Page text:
Sunday, September 19, 2010

Teaching values is great for business

Teaching values is great for business
By Cris Evert Lato
Inquirer Visayas
September 19, 2010

CEBU CITY — Little did fashion accessories exporter Grace Neilly Querickiol-Niggel know that her involvement in teaching values education to out-of-school youths in Cebu would open opportunities for her to succeed in business.

It was 2008 and Querickiol-Niggel’s venture to penetrate the export market was slowly bearing fruit when Don Bosco Technological Center (DBTC), a technical-vocational school, entered into a joint weaving project with the German Development Service (DED), furniture exporter Dedon and Philippine Business for Social Progress (PBSP).

“Dedon wanted the Cebuanos to continue the art of weaving since this is one of the skills unique to us. Dedon provided us some scrap plastic fiber material (normally used in making their outdoor furniture), DED gave us the fund, Don Bosco provided the manpower and my company was responsible for the marketing aspect,” says Querickiol-Niggel, president of Gracie Q Creative Designs.

She then proceeded to develop something out of the plastic fiber.

The first that came to her mind was the Cebuano’s unique way of cooking rice locally known as puso (hanging rice), where rice grains are placed inside woven coconut palm strips and boiled in water.

“I thought it was a good way of utilizing the weaving skills of the students, save the environment by using the scrap materials and creating something which is very Cebuano,” she says.

In September 2008, the first batch of puso necklace, earrings and key chains were displayed in her humble showroom inside the DBTC campus.

To her, the age of the puso accessories has begun.

Gaining publicity became the next hurdle for Querickiol-Niggel and her young workers.

“There has to be a way for the puso (accessories) to get the attention of the public because we cannot sustain the project of helping more out-of-school youths if we will not earn.”

She began by bringing samples of the accessories to seminars and conferences that she attended where fellow participants have grown amused at how the plastic fiber was mixed with stones and coconut shells to create artistic pieces.

She was also given the opportunity to share her story of building her company through Inquirer’s sister paper, Cebu Daily News, in a January 2009 issue.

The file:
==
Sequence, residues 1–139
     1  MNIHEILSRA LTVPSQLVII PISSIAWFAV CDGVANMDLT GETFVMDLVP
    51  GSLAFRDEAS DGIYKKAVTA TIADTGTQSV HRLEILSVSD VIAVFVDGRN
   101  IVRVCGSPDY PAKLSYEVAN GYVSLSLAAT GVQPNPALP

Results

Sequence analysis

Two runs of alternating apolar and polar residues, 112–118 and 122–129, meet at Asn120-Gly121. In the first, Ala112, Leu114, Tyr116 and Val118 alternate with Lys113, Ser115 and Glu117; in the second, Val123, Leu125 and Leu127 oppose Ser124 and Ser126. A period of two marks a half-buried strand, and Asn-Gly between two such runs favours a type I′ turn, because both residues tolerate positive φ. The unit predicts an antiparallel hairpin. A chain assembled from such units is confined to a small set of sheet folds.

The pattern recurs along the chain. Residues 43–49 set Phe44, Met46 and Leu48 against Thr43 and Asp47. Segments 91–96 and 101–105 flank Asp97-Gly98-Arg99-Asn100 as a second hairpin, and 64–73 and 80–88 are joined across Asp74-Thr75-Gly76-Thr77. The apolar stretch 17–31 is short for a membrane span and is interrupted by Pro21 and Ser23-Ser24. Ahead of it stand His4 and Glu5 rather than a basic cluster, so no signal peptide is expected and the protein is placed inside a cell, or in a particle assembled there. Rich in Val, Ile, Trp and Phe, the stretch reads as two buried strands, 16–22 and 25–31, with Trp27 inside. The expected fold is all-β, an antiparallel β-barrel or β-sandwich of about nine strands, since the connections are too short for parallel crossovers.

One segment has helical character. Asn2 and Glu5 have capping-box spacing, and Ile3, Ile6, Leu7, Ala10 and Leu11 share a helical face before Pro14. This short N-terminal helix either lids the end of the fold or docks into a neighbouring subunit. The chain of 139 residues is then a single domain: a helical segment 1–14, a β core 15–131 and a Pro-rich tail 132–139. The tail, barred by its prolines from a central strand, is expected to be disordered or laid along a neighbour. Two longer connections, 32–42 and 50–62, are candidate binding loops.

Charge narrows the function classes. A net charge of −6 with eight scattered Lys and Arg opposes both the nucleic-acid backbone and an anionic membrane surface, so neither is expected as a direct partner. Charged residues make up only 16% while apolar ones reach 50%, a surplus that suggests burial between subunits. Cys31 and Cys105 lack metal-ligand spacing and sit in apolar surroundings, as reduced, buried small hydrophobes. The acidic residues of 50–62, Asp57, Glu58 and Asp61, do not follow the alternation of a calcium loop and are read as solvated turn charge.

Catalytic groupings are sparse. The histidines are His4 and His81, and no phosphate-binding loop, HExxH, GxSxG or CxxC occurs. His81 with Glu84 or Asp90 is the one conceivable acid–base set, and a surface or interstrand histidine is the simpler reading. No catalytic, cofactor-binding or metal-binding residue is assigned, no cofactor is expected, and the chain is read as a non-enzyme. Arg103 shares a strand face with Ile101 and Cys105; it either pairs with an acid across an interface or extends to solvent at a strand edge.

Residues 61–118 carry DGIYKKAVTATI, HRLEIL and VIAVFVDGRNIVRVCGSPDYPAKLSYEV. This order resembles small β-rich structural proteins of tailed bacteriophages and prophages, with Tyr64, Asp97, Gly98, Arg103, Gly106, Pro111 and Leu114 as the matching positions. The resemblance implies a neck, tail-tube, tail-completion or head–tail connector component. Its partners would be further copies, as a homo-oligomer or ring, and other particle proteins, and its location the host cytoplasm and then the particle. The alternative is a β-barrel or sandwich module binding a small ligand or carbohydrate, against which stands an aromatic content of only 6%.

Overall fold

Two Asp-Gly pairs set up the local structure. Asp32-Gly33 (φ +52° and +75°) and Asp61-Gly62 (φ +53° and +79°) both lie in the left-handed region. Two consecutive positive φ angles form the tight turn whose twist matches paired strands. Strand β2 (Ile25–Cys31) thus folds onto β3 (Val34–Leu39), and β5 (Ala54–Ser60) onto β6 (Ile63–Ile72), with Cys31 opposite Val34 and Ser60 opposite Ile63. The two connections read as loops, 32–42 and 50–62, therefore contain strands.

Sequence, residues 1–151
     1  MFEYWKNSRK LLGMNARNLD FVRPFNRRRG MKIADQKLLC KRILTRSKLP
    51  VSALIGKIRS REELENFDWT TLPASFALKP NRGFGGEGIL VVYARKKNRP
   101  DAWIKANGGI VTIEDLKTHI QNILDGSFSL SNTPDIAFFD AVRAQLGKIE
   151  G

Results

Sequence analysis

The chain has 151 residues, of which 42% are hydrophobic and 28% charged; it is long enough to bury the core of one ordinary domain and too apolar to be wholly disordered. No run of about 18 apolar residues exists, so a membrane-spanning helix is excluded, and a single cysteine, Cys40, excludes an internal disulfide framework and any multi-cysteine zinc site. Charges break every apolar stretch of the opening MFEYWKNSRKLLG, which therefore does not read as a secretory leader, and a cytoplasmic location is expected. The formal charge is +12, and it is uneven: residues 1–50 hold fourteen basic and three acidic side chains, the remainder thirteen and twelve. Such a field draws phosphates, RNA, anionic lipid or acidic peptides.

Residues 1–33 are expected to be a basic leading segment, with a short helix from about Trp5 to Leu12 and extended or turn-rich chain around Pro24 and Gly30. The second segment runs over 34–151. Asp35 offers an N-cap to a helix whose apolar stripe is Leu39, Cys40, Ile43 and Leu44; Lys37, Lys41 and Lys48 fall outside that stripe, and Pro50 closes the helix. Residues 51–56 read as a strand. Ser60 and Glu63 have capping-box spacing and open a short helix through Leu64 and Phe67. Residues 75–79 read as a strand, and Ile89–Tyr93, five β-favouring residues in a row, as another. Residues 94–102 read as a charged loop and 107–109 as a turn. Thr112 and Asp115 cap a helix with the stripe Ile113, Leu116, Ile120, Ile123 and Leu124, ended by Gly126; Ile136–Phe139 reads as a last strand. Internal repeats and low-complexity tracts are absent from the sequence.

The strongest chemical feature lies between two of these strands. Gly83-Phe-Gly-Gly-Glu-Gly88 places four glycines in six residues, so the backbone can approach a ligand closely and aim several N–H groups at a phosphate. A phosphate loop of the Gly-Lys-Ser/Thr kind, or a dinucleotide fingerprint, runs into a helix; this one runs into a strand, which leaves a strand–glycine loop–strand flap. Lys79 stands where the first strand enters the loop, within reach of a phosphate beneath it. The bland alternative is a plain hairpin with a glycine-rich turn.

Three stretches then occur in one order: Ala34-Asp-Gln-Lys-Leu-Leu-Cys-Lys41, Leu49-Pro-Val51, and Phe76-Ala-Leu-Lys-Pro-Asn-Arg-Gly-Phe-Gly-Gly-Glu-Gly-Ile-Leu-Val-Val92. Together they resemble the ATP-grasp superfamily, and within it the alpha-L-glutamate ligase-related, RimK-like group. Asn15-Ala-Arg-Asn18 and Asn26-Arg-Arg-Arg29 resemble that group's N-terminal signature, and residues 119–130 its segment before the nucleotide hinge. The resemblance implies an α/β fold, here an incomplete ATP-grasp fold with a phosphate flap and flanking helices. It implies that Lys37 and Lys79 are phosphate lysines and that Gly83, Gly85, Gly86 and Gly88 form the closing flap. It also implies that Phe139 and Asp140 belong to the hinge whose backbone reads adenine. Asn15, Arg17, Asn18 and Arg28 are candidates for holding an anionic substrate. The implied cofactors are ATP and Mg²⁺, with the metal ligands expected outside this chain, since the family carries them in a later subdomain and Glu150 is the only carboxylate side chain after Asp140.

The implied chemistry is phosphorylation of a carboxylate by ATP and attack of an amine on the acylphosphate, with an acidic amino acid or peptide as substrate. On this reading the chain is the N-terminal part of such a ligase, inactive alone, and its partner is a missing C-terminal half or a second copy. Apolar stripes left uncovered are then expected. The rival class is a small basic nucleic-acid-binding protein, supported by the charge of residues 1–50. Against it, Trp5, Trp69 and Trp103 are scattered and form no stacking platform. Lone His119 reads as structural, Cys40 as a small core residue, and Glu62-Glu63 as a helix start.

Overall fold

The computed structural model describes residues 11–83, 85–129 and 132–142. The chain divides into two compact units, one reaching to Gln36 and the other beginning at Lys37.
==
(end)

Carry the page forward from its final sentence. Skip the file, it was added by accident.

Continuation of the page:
“The curiosity about the puso accessories started there and we started getting inquiries.”

In one conference last December 2009, which her friend organized, she met Marissa Aboitiz who became her partner in discussing challenges encountered by non-government organizations (NGOs) in sustaining their advocacies.

“I was the lone entrepreneur during that conference because all of them represented NGOs. I shared to them what I was doing with Don Bosco and gave them samples of the puso accessories,” she shares.

The conference became very instrumental in spreading the word about the puso accessories further.

With Aboitiz, who comes from a prominent and well-respected family in Cebu, wearing a puso necklace during the conference, inquiries and orders about the accessories came through phone calls, text messages and e-mails, Querickiol-Niggel says.

Cebuanos started ordering puso pieces to send to their relatives in Europe, Turkey, Germany and Italy. She says the dream of spreading “puso artistry’ to the world was gaining good momentum.

Since then, Gracie Q Creative Designs has been producing puso-inspired pieces that have extended beyond necklaces and earrings. They have expanded into puso bouquets and puso trophies for the Ramon Aboitiz Foundation, Inc. and the Cebu Chamber of Commerce and Industry to few—of course, still utilizing the expert hands of the young people and the plastic fiber from Dedon.

In their recent participation in the One Cebu Fair at the Cebu International Convention Center, they have received suggestions on creating puso bags and puso purses.

This endeavor of reaching out to young people by providing them employment has enabled her to develop more creative pieces which, she says, should be at par with the creativity that the puso accessories espouse.

“We are very open to (develop) anything as long as it will help more young people because we are all very committed in preserving and spreading Cebuano culture with what we are doing. The good thing about this is the fact that we are sustaining our advocacy because we are earning.”

“It really makes good business sense to help other people especially that you are sustaining it. That is why it is not really hard to solicit support from people and encourage the youth to continue exerting their best efforts,” adds Querickiol-Niggel.